When Jackie sent an email to her church asking about its post-abortion recovery group, she used an alias and created a new account to hide her identity. Even now, 11 years after her abortion, and after sharing her story to dozens of other women, Jackie asked me not to use her real name. She still hasn’t told her daughter or many people at church that she’s had an abortion. “It’s just such a shameful secret,” she said.
Abortion is difficult for almost any post-abortive woman to discuss. Pro-choice activists attribute this reluctance to a pervasive stigma that stems from society’s “shame-based message that abortion is wrong.” They try to remove this shame by defending abortion, saying unborn babies are not persons or convincing women that abortion actually did them, or society, a favor.
However, in the church, we face the challenge of upholding the sanctity of life, while simultaneously ministering to women who feel overwhelming shame about their abortions. Our response is not to deny the sin and death inherent in abortion. Instead, we point women to the healing found in a community centered around the One who redeems us from all sin.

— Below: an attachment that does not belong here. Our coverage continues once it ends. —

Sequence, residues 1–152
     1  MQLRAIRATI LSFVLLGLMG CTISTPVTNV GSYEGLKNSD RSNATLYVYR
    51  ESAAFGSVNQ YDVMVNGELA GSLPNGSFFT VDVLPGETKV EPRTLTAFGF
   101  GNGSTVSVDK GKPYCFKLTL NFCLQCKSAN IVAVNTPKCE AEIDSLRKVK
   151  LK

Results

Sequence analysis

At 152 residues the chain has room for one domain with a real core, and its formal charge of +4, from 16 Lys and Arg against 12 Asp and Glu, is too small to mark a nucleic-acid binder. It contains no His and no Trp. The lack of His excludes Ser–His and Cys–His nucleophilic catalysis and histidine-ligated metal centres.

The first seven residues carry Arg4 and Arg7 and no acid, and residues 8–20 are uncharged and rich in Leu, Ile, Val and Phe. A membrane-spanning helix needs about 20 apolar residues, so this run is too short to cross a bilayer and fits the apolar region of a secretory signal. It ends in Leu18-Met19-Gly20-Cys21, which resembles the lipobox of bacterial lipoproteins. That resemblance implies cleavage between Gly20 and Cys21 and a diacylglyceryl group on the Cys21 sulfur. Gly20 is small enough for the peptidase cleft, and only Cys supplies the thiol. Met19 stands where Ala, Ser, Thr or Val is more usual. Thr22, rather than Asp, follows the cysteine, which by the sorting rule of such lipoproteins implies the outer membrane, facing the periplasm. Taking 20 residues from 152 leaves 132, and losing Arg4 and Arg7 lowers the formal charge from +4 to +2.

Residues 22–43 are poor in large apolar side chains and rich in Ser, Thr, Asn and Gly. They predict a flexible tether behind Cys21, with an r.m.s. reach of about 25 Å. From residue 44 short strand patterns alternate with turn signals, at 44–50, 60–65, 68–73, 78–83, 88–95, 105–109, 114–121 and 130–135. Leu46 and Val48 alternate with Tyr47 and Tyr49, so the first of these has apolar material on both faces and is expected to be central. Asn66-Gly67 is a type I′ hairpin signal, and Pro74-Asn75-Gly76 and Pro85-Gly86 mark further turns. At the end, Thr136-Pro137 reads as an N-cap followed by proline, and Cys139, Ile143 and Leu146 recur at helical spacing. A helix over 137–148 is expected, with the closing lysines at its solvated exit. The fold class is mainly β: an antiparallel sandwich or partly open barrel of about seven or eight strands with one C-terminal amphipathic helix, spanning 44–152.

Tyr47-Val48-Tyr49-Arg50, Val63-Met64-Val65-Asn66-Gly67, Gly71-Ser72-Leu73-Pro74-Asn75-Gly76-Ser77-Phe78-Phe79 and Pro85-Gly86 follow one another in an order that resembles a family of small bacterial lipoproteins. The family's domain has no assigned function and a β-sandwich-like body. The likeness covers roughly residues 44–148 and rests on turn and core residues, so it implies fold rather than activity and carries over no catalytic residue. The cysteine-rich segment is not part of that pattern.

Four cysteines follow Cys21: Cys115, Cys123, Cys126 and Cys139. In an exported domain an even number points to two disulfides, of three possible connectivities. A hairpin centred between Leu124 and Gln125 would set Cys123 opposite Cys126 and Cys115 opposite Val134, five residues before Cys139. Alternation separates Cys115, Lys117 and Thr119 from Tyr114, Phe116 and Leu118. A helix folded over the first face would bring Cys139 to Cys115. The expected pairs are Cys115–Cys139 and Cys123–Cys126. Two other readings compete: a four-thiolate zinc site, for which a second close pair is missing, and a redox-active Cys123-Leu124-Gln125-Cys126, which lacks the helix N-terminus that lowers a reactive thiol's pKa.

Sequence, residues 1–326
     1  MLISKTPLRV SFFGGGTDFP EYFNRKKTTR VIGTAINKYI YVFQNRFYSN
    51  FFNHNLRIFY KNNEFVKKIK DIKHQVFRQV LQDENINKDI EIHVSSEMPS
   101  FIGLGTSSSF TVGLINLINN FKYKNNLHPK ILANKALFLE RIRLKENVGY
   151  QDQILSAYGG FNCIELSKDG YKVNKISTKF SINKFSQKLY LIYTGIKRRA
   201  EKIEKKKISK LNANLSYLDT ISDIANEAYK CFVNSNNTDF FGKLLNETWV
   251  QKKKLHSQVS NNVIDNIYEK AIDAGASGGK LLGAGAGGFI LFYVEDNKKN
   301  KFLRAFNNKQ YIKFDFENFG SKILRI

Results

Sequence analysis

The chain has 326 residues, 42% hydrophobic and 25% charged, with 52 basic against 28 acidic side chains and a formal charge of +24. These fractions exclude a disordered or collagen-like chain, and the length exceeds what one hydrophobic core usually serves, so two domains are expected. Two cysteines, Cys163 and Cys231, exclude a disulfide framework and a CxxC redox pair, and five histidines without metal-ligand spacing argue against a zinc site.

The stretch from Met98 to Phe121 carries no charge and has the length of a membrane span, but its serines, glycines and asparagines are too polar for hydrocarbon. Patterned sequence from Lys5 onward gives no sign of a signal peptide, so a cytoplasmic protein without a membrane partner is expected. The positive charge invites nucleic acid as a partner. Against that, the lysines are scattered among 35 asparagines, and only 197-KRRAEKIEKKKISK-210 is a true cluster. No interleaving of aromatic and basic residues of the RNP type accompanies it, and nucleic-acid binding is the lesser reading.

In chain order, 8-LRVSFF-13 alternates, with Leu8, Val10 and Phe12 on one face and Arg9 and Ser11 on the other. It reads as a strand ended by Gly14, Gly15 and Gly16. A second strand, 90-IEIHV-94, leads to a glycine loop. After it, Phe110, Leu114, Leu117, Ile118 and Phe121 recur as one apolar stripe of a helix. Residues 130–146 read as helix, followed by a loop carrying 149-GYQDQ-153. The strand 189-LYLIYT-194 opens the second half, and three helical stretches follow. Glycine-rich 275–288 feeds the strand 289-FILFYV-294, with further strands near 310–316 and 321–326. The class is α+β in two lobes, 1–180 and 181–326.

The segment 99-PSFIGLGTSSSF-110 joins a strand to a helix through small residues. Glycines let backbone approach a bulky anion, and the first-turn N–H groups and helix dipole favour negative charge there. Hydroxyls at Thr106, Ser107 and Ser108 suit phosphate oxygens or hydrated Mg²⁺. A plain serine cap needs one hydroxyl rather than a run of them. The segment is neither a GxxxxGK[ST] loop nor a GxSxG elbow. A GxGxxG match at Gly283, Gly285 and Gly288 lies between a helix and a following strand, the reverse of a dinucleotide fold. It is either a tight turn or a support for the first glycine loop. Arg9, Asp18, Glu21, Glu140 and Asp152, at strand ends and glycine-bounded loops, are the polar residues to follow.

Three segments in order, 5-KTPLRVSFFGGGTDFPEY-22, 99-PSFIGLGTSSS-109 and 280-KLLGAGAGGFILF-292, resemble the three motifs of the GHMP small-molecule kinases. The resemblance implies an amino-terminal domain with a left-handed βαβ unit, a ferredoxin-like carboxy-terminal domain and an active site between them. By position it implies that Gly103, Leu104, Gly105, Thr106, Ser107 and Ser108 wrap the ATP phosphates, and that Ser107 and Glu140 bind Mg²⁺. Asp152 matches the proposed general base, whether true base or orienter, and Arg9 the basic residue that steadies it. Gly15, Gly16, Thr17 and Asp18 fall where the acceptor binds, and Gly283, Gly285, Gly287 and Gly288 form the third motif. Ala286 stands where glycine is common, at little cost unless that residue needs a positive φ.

According to the Guttmacher Institute, one in every five women who gets an abortion identifies as a born-again, evangelical, charismatic, or fundamentalist Christian. Given that more than a million women abort each year in the US, this means a staggering 200,000 Bible-believing Christians annually. And according to Christian ministries working with this population, a vast majority of them will never reveal their secret.
In interviews with about a dozen post-abortive Christian women, I heard each say they deeply regret their abortions and experienced profound emotional and spiritual trauma as a result. Without a place to confess and seek recovery, women who’ve had abortions remain shackled by fear, grief, and guilt.
“These women have no idea how this is affecting every facet of their lives – their relationships with their husbands, their children,” said Kathy Rutledge, who leads a study called Surrendering the Secret at a non-denominational church in Kentucky. Rutledge said her shame kept her from volunteering at church and made her fear God’s punishment for her choice in the past. “I was… convinced that God was going to take my children from me,” she said.
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SOURCE: Christianity Today